I'd located a nice AirBnB in a converted railway carriage - tiny, but with everything we needed, including a firepit outside. The owners were lovely, even lending me a hat so I wouldn't burn to a crisp (I had somehow left mine at home; my flatmate later informed me she'd found it in the bathroom).
Another stroke of luck was finding out that a plane-minded furry friend, Dai Cymru, would be attending on Friday.
This is the RAF's centenary year, and there was plenty on display to celebrate it: the Red Arrows drawing a 100 in the sky, a special formation from the Battle of Britain Memorial Flight, a diamond nine of Eurofighter Typhoons and, great favourites of mine, the Great War Display Team.
It was also 617 (Dambuster) Squadron's 75th anniversary. They were honoured with a flypast showcasing the past, present and future of the squadron: a Lancaster, Tornado and F-35 Lightning.
Other national displays included the Spanish Patrulla Aguila, the Italian Frecce Tricolori and the Swiss PC-7 team:
"Swiss pilots in Swiss-built aircraft present to you the Swiss cross with Swiss precision."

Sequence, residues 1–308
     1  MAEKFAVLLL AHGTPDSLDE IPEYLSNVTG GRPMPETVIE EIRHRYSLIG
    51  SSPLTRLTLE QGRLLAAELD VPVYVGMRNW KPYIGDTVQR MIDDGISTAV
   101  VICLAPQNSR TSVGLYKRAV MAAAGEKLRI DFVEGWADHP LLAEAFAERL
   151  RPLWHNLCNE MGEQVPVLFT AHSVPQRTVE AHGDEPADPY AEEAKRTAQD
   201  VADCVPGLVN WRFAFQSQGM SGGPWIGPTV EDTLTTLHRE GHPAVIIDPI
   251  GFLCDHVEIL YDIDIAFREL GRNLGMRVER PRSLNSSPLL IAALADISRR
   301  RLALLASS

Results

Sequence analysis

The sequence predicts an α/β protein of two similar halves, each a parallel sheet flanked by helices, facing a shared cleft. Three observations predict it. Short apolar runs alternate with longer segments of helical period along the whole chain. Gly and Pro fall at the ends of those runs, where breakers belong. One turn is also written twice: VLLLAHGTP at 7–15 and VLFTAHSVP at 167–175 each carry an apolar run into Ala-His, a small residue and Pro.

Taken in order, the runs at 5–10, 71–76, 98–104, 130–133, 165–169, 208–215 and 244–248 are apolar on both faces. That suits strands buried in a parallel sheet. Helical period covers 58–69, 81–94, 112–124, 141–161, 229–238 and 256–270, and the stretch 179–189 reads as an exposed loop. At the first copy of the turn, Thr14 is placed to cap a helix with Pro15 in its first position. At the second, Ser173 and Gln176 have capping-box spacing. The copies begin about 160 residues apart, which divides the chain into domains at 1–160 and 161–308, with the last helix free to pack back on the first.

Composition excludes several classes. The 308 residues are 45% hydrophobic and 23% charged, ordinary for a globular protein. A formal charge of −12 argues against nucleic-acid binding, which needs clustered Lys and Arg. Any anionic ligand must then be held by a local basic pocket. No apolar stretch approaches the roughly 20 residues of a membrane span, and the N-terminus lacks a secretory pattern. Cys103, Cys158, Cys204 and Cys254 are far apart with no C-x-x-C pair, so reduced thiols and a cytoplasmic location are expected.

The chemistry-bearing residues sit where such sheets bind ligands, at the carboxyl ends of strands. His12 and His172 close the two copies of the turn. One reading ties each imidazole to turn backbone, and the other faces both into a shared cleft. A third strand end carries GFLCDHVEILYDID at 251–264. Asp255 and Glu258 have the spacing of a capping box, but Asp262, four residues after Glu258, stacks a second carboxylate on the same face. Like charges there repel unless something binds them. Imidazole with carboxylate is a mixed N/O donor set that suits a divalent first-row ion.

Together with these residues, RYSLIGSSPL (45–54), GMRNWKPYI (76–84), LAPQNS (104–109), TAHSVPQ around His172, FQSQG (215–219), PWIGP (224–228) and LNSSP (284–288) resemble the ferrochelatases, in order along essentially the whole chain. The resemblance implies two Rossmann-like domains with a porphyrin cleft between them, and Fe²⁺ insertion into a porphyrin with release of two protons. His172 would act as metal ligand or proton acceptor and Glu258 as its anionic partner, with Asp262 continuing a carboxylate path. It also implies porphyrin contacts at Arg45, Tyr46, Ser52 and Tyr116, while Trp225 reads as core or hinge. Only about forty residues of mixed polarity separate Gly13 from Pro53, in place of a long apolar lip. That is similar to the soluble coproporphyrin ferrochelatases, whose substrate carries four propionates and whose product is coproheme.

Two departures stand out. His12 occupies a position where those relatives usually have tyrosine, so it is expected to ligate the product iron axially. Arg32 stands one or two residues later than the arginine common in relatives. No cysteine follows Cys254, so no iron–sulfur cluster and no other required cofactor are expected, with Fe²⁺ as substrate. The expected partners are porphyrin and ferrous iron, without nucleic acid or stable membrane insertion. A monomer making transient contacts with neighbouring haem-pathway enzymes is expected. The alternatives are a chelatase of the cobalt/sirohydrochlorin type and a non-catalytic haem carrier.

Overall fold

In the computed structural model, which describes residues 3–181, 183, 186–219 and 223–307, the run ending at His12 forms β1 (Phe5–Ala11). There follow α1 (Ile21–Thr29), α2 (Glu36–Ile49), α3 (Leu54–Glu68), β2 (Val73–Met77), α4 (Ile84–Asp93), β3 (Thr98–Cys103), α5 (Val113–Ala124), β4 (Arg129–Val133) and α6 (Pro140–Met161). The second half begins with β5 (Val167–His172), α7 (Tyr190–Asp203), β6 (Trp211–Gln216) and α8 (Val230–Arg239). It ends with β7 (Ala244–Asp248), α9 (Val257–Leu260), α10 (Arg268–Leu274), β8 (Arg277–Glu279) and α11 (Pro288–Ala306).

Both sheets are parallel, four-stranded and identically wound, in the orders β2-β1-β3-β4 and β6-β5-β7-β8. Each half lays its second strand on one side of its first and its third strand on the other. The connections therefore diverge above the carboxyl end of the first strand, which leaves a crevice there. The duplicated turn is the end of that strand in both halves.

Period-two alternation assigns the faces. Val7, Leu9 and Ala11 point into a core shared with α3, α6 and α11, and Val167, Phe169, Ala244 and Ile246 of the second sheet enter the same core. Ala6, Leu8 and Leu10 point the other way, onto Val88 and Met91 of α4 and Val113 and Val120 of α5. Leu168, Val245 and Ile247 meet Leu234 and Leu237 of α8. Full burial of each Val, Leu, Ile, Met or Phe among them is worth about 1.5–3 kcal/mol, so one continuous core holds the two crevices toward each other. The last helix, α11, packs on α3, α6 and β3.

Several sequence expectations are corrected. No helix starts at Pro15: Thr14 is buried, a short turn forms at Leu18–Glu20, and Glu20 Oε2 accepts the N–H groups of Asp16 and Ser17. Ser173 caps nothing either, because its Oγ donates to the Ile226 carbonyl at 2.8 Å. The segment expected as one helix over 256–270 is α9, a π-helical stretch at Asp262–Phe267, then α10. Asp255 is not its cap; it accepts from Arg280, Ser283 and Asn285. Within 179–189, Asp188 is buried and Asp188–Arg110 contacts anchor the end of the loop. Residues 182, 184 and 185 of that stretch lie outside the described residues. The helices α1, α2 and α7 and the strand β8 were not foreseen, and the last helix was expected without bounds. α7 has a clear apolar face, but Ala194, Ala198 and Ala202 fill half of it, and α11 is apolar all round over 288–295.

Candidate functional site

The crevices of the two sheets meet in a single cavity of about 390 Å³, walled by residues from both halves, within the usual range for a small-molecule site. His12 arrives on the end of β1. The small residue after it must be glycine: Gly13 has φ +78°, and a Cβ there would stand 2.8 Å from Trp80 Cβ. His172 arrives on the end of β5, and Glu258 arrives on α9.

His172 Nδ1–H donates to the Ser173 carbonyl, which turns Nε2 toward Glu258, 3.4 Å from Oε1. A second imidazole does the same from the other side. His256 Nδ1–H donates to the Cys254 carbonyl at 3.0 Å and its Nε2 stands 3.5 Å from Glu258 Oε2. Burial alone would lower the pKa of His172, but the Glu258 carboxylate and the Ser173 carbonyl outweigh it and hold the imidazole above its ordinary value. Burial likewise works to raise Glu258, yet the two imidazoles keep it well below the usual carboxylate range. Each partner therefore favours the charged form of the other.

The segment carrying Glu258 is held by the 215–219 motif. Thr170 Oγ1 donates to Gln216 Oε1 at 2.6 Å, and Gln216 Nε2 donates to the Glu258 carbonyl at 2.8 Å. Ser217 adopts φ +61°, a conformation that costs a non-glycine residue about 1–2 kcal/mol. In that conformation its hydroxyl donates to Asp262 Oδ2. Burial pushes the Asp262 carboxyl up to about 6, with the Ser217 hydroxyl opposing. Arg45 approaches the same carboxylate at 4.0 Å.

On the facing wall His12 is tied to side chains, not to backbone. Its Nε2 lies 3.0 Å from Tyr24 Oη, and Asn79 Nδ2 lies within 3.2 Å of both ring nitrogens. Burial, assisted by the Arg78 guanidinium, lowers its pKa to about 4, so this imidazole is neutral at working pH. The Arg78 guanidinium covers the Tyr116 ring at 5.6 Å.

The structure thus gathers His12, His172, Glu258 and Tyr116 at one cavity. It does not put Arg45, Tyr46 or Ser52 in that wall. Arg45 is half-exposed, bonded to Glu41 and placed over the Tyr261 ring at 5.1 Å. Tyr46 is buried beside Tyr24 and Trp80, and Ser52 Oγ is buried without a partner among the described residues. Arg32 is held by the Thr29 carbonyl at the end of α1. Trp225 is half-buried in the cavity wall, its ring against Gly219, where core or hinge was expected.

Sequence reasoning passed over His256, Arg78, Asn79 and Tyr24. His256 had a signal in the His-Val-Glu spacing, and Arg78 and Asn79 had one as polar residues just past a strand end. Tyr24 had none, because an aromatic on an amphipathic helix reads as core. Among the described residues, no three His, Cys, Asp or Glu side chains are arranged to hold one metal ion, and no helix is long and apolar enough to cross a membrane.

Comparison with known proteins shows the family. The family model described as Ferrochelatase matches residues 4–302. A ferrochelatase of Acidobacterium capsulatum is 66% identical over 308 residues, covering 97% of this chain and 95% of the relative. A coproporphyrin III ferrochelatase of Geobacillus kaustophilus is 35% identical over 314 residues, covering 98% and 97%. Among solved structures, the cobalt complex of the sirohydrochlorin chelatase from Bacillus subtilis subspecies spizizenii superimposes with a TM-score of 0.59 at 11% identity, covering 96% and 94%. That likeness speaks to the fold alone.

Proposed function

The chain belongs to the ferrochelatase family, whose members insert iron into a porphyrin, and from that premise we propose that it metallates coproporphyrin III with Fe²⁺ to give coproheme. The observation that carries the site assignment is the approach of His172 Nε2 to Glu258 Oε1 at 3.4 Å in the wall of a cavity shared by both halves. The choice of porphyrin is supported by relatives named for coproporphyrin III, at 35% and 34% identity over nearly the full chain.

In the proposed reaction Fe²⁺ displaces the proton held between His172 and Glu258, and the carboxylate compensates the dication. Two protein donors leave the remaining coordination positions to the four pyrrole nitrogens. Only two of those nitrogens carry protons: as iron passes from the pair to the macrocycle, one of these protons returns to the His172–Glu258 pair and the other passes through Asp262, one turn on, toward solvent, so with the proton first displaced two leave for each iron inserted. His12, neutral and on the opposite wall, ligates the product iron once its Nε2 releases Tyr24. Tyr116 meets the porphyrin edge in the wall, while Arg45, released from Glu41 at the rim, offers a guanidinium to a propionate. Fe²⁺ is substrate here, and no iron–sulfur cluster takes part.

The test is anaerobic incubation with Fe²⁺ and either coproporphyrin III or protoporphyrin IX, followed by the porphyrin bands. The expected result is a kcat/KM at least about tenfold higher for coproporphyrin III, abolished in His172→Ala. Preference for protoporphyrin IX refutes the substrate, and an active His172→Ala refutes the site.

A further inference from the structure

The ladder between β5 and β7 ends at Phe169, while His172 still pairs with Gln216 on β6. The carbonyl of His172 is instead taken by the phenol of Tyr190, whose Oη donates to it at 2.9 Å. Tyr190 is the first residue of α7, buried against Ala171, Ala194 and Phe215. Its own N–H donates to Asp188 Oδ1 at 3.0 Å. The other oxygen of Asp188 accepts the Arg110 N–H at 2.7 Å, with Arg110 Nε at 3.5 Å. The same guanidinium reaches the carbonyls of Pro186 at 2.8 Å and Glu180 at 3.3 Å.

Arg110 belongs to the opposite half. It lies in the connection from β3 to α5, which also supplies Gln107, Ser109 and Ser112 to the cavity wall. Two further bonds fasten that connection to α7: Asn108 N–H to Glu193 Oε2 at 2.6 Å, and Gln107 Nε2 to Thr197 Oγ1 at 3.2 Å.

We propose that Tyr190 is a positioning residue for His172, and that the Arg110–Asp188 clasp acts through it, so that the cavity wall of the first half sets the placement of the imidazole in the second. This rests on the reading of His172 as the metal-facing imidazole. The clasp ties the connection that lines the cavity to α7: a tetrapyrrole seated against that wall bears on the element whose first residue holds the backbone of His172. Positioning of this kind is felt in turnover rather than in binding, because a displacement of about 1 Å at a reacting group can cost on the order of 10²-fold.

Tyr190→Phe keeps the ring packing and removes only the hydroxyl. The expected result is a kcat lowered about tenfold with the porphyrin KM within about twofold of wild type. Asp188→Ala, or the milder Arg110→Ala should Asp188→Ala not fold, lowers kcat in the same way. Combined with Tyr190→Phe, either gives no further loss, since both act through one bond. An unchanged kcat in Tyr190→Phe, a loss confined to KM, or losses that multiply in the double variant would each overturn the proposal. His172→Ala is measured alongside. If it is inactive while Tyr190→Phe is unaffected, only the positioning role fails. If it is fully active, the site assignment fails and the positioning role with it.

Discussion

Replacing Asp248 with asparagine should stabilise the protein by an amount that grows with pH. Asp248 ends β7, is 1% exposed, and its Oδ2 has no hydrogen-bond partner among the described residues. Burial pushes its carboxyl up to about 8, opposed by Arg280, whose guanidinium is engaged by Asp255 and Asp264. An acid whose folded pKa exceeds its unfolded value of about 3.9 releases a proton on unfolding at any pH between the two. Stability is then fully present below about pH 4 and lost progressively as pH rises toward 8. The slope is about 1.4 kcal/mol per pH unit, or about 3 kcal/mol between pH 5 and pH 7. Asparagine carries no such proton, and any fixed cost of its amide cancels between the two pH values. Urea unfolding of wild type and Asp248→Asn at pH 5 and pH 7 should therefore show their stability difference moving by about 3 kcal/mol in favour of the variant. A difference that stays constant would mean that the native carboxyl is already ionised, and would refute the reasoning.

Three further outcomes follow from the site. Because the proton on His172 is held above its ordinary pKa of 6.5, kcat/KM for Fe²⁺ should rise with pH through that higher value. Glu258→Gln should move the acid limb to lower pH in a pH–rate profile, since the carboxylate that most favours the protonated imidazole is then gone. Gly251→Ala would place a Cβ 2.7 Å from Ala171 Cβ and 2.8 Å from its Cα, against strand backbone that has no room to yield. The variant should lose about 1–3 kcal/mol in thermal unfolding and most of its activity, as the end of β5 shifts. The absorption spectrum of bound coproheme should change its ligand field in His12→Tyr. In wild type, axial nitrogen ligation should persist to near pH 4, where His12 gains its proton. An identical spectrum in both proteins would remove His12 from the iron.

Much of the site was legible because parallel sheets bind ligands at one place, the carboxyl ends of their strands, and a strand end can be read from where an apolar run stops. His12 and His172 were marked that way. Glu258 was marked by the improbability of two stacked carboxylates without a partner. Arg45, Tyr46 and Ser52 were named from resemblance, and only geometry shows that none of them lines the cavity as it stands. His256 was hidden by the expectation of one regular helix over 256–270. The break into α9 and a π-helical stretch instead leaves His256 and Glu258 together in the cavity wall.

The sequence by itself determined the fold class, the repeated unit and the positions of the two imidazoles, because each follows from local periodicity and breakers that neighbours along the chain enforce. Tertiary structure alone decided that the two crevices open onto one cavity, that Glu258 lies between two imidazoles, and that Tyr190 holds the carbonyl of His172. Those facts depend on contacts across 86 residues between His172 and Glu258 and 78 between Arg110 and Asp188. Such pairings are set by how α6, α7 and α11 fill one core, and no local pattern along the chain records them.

To which Dai shouted "Do a Swiss roll!"
Perhaps my favourite item was a gorgeous pair of Vampires operated by the Norwegian Historic Flight. One Vampire is a rare sight; two together is almost unheard of, and, as the commentator said, recalled postwar air displays at RAF Hendon.
There was a heavy downpour in the afternoon as I was walking round the aircraft parked on the ground. A member of the Japanese Air Force, dressed very smartly in a long black uniform raincoat with insignia on the shoulder, walked over and suggested I look around inside his C-2: "It is raining." So I did that.
Shortly afterwards the rain stopped and I took my favourite photo of the weekend, of one of my favourite aircraft, the Antonov AN-2:
I started Saturday morning by walking through an AWACS, which was nice. We were lucky enough to stroll past it just as they were opening up, and climb on board with no queue.
Then we met up with the usual RIAT posse of Silverwind, wardy and co, parking ourselves a little way back from the flight line.
We'd been told that if we were lucky we might get a surprise item. This turned out to be the B-2 Spirit bomber, which made a single slow pass in all its stately and spooky glory.
Eight hours packed with aircraft shot by, and the display was closed, appropriately enough, by the Finnish.